COVID-19 and property/business interruption insurance un-occupancy exclusions? Be proactive and don't wait

By Mark Waller and Chris Erfurt
30 Apr 2020
Businesses should proactively engage with their insurer to avoid the application of the un-occupancy exclusion.

Businesses seeking to recover business interruption loss suffered as a result of the global COVID-19 pandemic should carefully check the terms of their business interruption (BI) insurance and seek advice as to whether they should make a claim under their BI policy.

As we discussed in an article published in Lawyers Weekly earlier this month, it is possible that businesses may be covered for their loss under their BI insurance policy under an infectious disease extension or under an extension for restriction to access to the insured premises. That may be so even if the insurance policy contains a "quarantinable disease" exclusion.

Watch out for the un-occupancy exclusion – act now!

Aside from common insurance policy obligations for insureds to promptly notify insurers of any material change in the risk, it is also important to bear in mind that Property and BI insurance policies often exclude loss or damage to premises that have been unoccupied for more than a specified period of time; eg. between 30 and 90 consecutive days (un-occupancy exclusion). The effect of this exclusion is that, if damage occurs after the un-occupancy period expires, the insurer may seek to rely on the exclusion to deny cover, even if the damage has no connection to the fact that the premises were unoccupied.

The scope of the un-occupancy exclusion varies from policy to policy (including what "unoccupied" means for the purposes of the exclusion) and arguments may be open to the insured that the insurer is only able to rely upon the exclusion if the fact that the premises were unoccupied caused or contributed to the damage to the premises, but it is best to be proactive and manage this issue with your insurer to avoid a dispute down the track.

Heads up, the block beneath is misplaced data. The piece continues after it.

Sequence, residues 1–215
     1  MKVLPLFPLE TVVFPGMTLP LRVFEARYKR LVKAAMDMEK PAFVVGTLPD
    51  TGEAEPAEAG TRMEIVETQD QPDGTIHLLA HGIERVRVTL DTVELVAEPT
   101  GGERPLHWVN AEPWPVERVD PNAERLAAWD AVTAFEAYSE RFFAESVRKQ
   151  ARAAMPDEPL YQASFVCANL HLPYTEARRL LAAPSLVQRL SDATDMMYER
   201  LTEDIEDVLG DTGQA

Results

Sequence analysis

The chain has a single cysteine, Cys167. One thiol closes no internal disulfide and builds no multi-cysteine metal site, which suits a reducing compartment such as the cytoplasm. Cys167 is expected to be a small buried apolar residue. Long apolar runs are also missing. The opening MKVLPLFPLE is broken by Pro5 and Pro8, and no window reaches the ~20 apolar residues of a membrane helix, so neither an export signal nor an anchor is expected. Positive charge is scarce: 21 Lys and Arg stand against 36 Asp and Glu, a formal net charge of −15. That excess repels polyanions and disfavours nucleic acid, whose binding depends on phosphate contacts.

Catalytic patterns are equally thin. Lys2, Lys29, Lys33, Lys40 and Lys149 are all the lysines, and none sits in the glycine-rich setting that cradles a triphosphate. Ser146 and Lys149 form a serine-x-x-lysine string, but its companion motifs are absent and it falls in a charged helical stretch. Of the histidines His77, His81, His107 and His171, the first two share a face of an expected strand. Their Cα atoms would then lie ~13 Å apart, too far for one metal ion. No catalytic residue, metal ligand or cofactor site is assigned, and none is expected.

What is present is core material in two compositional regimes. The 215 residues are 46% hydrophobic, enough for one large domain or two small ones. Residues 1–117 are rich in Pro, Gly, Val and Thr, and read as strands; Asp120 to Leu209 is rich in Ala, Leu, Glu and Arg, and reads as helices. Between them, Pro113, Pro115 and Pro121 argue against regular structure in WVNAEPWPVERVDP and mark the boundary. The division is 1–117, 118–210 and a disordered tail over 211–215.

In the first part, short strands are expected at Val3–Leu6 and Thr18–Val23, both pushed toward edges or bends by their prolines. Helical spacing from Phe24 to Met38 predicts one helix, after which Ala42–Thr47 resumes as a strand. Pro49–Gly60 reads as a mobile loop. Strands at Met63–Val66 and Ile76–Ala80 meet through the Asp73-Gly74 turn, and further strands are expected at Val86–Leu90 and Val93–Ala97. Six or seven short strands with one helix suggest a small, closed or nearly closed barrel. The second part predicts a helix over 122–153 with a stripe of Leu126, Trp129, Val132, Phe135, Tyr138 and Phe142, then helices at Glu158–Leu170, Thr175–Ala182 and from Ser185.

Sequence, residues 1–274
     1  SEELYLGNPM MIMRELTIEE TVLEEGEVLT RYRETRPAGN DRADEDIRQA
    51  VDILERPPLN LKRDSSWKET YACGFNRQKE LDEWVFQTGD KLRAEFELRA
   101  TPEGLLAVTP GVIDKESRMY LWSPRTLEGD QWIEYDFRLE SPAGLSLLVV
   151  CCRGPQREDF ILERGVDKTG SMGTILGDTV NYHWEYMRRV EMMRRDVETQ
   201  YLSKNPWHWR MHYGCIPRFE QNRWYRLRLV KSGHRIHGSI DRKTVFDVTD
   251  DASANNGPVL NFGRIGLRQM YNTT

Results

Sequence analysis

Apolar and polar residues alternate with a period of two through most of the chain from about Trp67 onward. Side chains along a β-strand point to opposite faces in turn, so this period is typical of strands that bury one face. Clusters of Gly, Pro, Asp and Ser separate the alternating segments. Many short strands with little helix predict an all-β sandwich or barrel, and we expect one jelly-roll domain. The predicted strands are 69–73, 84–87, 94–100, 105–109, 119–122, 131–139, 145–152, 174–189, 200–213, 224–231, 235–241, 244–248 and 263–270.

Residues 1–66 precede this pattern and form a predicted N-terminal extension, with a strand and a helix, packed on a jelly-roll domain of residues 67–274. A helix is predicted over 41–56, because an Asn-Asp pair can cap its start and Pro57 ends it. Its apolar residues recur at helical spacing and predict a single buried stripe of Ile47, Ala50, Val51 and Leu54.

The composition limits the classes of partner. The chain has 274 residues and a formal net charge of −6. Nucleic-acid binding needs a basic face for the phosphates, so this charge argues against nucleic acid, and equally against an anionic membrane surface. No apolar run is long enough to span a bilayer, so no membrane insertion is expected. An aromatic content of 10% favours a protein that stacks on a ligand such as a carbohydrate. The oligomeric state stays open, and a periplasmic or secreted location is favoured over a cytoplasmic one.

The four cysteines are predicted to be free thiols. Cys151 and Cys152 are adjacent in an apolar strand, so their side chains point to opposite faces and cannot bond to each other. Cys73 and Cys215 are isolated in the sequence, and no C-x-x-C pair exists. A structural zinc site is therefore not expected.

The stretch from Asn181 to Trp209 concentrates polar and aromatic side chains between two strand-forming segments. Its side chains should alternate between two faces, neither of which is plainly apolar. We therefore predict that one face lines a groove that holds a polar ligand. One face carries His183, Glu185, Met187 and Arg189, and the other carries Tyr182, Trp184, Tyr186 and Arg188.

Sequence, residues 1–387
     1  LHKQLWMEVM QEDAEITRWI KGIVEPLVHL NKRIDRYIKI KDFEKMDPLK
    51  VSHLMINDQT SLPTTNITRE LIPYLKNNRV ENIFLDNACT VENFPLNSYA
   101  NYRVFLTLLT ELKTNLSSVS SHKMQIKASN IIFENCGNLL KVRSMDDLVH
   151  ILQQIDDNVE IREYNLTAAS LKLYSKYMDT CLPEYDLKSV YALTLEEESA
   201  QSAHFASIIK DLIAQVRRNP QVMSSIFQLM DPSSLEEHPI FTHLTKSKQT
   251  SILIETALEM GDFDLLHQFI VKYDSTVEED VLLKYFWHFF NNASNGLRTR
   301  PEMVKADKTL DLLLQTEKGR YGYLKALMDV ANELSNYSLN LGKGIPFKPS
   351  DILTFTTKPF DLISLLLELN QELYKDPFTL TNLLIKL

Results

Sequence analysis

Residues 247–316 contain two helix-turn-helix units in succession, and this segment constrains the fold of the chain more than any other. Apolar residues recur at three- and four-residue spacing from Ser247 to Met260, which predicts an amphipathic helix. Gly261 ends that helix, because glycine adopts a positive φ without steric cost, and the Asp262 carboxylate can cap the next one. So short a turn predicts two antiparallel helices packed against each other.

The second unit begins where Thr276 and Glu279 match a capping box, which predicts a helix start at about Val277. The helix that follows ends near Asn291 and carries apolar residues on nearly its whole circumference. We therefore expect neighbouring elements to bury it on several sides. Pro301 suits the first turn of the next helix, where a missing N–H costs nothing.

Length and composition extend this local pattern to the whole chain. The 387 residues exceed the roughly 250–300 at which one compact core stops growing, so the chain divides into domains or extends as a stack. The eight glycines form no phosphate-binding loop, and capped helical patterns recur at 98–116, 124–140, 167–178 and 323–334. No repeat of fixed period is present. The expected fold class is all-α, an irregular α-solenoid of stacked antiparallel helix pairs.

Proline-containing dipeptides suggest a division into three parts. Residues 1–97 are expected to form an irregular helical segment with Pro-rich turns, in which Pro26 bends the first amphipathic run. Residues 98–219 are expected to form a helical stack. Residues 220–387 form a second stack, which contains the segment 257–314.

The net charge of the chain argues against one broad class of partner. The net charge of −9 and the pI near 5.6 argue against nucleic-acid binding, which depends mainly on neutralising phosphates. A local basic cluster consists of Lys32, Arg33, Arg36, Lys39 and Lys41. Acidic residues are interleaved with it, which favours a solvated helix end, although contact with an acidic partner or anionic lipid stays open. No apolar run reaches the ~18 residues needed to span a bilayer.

If a business has been forced to close as a result of COVID-19 it will be important that they take into account the un-occupancy exclusion and proactively engage with their insurance broker and insurer to obtain written confirmation that the un-occupancy exclusion will not apply if they are unable to return to normal occupation and operations within the un-occupancy period specified in the exclusion.

It is likely that, if you proactively engage with your insurer and inform the insurer of your circumstances, the insurer will agree not to rely upon the un-occupancy exclusion given the impact COVID-19 has had on Australian businesses. In doing so, insurers may seek to impose certain conditions such as requiring that the insured business:

  • maintains security and substantially the same contents and fittings that would be required for the ordinary operation of the business;
  • ensures that the premises remains connected to utilities; and
  • agrees that the business will re-open the premises when the COVID-19 restrictions have been lifted.

It is clearly important that insurers exercise flexibility regarding the un-occupancy exclusion given the unusual circumstances created by COVID-19.

That said, businesses should proactively engage with their insurer to avoid the application of the un-occupancy exclusion.

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Clayton Utz communications are intended to provide commentary and general information. They should not be relied upon as legal advice. Formal legal advice should be sought in particular transactions or on matters of interest arising from this communication. Persons listed may not be admitted in all States and Territories.